The current status of water resources highlights the need for improved water resources management. Recognizing, measuring and expressing water’s worth, and incorporating it into decision-making, are fundamental to achieving sustainable and equitable water resources management and the Sustainable Development Goals (SDGs) of the United Nations’ 2030 Agenda for Sustainable Development.
Those who control how water is valued control how it is used. Values are a central aspect of power and equity in water resources governance. The failure to fully value water in all its different uses is considered a root cause, or a symptom, of the political neglect of water and its mismanagement. All too often, the value of water, or its full suite of multiple values, is not prominent in decision-making at all.
Whilst the term ‘value’ and the process of ‘valuation’ are well defined, there are several different views and perspectives of what ‘value’ specifically means to various user groups and stakeholders. There are also different methods for calculating value and different metrics to express it.
Differences in the way water is valued occur not only between stakeholder groups but are widespread within them. These divergent perspectives on water value and the best ways to calculate and express it, coupled with limited knowledge of the actual resource, present a challenging landscape for rapid improvements in valuing water. It is, for example, futile to attempt to quantitatively compare the value of water for domestic use, the human right to water, customary or religious beliefs, and the value of maintaining flows to preserve biodiversity. None of these should be sacrificed for the sake of achieving consistent valuation methodologies.
Traditional economic accounting, often a key means of informing policy decisions, tends to limit water values to the way that most other products are valued – using the recorded price or costs of water when economic transactions occur. However, in the case of water, there is no clear relationship between its price and its value. Where water is priced, meaning consumers are charged for using it, the price often reflects attempts for cost recovery and not value delivered. Yet, regarding valuation, economics remains a highly relevant, powerful and influential science, even though its application needs to be made more comprehensive.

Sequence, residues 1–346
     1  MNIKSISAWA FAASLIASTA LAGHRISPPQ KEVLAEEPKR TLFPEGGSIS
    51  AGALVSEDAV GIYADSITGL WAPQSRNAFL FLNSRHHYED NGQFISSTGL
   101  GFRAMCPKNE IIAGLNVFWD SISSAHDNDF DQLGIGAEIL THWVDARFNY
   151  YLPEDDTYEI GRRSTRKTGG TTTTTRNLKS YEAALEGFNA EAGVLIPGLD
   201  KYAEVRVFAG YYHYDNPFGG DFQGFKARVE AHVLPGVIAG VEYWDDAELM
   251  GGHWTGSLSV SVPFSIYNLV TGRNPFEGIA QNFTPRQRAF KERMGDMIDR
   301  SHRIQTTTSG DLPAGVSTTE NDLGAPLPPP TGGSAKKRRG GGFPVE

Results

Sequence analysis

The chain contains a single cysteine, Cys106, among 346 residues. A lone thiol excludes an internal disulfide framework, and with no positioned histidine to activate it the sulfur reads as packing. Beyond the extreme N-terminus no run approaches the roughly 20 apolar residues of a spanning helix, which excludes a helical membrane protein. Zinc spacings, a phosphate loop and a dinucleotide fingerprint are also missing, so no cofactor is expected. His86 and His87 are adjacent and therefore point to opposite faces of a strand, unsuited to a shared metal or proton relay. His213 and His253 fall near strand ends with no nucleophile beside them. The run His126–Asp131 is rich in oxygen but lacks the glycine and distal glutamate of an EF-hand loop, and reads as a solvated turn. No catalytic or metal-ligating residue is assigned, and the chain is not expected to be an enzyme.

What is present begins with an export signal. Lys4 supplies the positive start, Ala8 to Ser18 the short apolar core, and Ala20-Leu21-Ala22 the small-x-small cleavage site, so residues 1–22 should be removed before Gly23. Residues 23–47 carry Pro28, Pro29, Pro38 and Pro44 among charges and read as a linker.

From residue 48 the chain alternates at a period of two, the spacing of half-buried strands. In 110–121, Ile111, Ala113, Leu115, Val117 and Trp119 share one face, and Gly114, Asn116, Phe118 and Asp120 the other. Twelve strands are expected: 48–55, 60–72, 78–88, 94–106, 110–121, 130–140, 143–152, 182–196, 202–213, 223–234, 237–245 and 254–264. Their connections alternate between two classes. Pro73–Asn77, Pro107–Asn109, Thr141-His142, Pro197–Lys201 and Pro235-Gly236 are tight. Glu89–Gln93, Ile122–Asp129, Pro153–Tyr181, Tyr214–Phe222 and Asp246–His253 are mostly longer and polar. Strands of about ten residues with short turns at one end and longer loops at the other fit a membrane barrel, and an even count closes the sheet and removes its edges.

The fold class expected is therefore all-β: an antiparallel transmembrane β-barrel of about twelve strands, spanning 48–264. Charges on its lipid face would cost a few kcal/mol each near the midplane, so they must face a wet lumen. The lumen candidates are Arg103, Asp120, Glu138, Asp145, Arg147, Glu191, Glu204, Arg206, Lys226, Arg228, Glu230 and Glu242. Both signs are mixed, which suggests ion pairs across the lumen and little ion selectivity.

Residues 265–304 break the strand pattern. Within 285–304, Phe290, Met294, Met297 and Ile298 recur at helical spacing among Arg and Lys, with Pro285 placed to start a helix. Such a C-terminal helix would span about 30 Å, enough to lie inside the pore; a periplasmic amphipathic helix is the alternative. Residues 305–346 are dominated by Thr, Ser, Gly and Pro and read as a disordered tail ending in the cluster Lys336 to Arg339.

Nevertheless, the different values of water need to be reconciled, and the trade-offs between them resolved and incorporated into systematic and inclusive planning and decision-making processes. The way forward, therefore, will be to further develop common approaches to valuation where feasible, but also to prioritize improved approaches to compare, contrast and merge different values, and to incorporate fair and equitable conclusions into improved policy and planning.
The 2021 edition of the United Nations World Water Development Report (UN WWDR 2021) entitled ‘Valuing Water ’ groups current methodologies and approaches to the valuation of water into five interrelated perspectives: valuing water sources, in situ water resources and ecosystems; valuing water infrastructure for water storage, use, reuse or supply augmentation; valuing water services, mainly drinking water, sanitation and related human health aspects; valuing water as an input to production and socio-economic activity, such as food and agriculture, energy and industry, business and employment; and other sociocultural values of water, including recreational, cultural and spiritual attributes. These are complemented with experiences from different global regions; opportunities to reconcile multiple values of water through more integrated and holistic approaches to governance; approaches to financing; and methods to address knowledge, research and capacity needs.
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